#### Overview of this book

Data structures and algorithms are more than just theoretical concepts. They help you become familiar with computational methods for solving problems and writing logical code. Equipped with this knowledge, you can write efficient programs that run faster and use less memory. Hands-On Data Structures and Algorithms with Kotlin book starts with the basics of algorithms and data structures, helping you get to grips with the fundamentals and measure complexity. You'll then move on to exploring the basics of functional programming while getting used to thinking recursively. Packed with plenty of examples along the way, this book will help you grasp each concept easily. In addition to this, you'll get a clear understanding of how the data structures in Kotlin's collection framework work internally. By the end of this book, you will be able to apply the theory of data structures and algorithms to work out real-world problems.
Preface
Free Chapter
Section 1: Getting Started with Data Structures
A Walk Through - Data Structures and Algorithms
Arrays - First Step to Grouping Data
Section 2: Efficient Grouping of Data with Various Data Structures
Understanding Stacks and Queues
Maps - Working with Key-Value Pairs
Section 3: Algorithms and Efficiency
Deep-Dive into Searching Algorithms
Understanding Sorting Algorithms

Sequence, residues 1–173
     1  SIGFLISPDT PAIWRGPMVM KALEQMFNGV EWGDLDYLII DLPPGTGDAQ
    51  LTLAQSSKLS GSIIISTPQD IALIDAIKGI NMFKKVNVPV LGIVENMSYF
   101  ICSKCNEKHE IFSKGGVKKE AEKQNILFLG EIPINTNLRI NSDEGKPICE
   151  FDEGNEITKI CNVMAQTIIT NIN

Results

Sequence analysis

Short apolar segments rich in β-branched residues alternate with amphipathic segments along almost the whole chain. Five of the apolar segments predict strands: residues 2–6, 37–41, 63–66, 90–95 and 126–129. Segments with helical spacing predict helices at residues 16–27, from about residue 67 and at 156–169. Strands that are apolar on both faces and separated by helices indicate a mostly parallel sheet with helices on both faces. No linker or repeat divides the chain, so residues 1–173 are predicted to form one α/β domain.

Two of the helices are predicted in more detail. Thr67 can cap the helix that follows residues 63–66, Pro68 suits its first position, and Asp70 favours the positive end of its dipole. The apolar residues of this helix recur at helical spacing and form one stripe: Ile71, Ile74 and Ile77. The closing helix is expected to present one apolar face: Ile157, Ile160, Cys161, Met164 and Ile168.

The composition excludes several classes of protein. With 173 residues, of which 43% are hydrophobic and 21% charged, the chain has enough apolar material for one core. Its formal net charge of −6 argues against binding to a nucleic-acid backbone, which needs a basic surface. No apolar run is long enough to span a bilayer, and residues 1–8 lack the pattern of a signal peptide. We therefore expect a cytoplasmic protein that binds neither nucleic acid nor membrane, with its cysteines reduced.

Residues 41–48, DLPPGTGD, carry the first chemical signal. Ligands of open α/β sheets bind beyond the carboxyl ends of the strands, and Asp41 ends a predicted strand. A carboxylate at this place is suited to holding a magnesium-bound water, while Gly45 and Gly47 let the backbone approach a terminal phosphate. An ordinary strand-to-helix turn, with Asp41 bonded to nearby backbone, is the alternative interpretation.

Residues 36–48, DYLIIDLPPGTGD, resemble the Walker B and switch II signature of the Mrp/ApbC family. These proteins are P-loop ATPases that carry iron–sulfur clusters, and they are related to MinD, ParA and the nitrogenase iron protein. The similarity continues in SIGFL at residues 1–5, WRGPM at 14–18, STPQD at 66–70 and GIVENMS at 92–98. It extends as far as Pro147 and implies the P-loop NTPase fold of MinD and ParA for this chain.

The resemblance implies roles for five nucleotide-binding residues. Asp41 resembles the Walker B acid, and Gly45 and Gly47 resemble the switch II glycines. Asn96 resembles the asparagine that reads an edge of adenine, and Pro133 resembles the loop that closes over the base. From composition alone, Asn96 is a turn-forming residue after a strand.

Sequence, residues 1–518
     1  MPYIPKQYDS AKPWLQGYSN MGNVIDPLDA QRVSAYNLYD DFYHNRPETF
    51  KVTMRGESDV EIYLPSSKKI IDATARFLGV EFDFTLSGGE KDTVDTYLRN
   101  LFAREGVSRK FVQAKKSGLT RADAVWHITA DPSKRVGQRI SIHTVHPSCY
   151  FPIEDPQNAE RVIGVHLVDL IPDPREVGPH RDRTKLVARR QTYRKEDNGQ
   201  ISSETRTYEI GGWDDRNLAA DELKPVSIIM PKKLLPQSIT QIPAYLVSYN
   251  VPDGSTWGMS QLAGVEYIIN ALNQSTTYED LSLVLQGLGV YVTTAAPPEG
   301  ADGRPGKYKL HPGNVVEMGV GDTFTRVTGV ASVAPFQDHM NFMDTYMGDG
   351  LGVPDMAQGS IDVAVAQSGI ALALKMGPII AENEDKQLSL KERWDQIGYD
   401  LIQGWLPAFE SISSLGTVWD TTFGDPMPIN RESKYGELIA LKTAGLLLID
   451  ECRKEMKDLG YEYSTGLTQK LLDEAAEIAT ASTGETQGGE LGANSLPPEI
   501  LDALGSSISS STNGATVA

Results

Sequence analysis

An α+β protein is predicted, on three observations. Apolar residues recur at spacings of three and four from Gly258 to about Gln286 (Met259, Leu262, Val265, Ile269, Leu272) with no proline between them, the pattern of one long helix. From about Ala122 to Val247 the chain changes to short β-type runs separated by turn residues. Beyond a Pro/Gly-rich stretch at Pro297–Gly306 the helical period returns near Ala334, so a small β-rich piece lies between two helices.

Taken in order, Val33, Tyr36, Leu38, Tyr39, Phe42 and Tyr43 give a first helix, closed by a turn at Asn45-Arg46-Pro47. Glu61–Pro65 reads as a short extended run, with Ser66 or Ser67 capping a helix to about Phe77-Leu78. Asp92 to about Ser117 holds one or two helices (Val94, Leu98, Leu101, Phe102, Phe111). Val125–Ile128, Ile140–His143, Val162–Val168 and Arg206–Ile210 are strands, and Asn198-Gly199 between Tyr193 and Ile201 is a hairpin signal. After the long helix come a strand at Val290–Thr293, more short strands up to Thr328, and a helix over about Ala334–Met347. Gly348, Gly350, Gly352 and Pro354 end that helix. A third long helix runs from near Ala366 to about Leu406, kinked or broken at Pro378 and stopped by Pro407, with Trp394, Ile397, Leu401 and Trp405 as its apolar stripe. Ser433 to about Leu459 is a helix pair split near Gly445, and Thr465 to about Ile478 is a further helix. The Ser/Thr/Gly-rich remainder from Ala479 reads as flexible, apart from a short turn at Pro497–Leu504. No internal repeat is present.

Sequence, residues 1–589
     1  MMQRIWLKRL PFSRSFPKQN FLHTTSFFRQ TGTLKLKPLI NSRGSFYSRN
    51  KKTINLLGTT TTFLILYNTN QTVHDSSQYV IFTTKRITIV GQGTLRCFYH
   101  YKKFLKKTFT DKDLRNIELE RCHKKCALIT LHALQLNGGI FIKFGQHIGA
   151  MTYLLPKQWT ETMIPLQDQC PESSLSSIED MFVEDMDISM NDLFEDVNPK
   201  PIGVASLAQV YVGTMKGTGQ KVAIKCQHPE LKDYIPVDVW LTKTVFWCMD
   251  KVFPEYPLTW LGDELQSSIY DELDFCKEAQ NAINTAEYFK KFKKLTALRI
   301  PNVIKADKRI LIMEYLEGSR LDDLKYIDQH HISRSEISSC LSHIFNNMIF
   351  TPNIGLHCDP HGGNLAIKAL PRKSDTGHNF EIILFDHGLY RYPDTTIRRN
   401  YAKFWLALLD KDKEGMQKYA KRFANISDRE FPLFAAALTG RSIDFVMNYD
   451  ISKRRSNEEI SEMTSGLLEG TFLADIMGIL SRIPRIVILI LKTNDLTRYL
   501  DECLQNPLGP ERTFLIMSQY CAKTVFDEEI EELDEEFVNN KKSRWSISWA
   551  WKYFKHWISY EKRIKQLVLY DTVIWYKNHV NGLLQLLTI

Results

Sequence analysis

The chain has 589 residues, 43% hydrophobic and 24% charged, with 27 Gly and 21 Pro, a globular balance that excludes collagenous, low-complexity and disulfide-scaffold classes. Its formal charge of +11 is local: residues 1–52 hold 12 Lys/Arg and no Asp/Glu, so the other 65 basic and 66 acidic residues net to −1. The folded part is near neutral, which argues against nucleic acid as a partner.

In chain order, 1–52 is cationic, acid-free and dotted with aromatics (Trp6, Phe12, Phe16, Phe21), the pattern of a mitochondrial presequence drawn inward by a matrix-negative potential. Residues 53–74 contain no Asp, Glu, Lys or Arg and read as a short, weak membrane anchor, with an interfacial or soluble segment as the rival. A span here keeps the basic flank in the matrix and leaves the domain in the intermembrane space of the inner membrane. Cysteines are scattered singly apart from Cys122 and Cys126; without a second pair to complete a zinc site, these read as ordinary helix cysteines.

Section 4: Modern and Advanced Data Structures
Collections and Data Operations in Kotlin
Introduction to Functional Programming
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Assessments

# Summary

In this chapter, we learned about a few of the most commonly used search algorithms. See the following table for a comparison of their relative performances. This will give you a better understanding when you come to choose which algorithm to use yourself:

 Algorithm Performance Linear Search O(n) Binary Search O(log n) Jump Search O(√n) Exponential Search O(log n)

Here, n is the size of the collection.

In addition to item search algorithms, we've also covered a few commonly used pattern matching algorithms. Here is a comparison of their relative performance:

 Algorithm Performance Naive Pattern Search O(m * n) Rabin-Karp Search O(m * n) Knuth-Morris-Prath Search O(m) + O(k) = O(n + k)

Here, m is the length of the text, n is the length of the pattern and k is the length of temporary array created for KMP search (the same as the pattern...